The strike to protest the government's inability to reduce inflation has paralysed public transport while all flights to and from the country's airports were cancelled. Banks, schools and universities remained closed.
Opponents of Argentina's President Mauricio Macri launched a 24-hour strike on Wednesday to protest the government's inability to reduce inflation that has reached 55 percent over the past year.
Hospitals were only attending to emergencies while many shops kept their shutters down due to the lack of buses and trains to bring employees to work.
The strike came after a partial job action in late April when tens of thousands of Argentines demonstrated, and transport services and businesses were also affected.
Macri's popularity has fallen months before elections later this year, when he hopes to win a second term.
In an effort to reduce the state deficit, his government last year launched an austerity plan that has cut services to low-income Argentines in exchange for a $56 billion loan from the International Monetary Fund (IMF) to help the South American country battle its currency crisis and soaring prices.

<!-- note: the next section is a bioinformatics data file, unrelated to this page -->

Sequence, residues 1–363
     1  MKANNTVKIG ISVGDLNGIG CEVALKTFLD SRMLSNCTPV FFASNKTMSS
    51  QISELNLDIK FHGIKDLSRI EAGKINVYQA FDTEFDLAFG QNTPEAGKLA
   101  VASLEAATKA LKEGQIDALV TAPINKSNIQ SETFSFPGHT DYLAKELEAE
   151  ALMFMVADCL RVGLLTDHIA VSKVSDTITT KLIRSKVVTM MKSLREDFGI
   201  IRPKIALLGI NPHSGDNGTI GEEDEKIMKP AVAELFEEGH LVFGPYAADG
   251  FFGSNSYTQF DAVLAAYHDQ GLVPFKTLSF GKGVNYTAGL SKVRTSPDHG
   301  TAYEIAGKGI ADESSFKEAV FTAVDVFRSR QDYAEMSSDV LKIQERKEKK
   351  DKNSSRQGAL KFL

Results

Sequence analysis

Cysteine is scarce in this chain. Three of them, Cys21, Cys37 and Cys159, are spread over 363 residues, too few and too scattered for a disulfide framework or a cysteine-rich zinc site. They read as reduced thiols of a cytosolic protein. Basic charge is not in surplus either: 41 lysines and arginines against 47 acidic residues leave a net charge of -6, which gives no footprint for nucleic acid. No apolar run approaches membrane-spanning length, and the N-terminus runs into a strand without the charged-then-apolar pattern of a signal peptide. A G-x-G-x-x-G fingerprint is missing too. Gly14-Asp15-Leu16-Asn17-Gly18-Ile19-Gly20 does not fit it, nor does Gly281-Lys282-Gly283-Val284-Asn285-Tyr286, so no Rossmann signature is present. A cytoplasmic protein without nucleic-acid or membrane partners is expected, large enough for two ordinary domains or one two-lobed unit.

"The strike has been followed because there has been no response, no government reaction to our demands," said Hugo Moyano, one of Argentina's most influential union leaders.
Forty-four million people affected
With prices rising, Argentina's 44 million people have been hit with a drop in their spending power, and unions are demanding an increase in salaries to keep up.
"There's a huge amount of unhappiness with the government. Many workers voted for this government because it was going to get rid of income tax. They trusted it but this time they won't make the same mistake," said Moyano, referring to the upcoming elections on October 27.
But Transport Minister Guillermo Dietrich complained people have been left "hostages" to public transport during this strike.
"Last time there was a general strike, some transport operated and the people went to work," he said.
This is the fifth general strike since Macri came to power four years ago. The centre-right president has been praised by powerful allies for his reforms but widely criticised by ordinary Argentines feeling the pinch.
Former centre-left president Cristina Kirchner was leading opinion polls to challenge Macri, but earlier this month made the shock announcement that she would run for the vice presidency instead, with her former cabinet chief Alberto Fernandez aiming for the top job.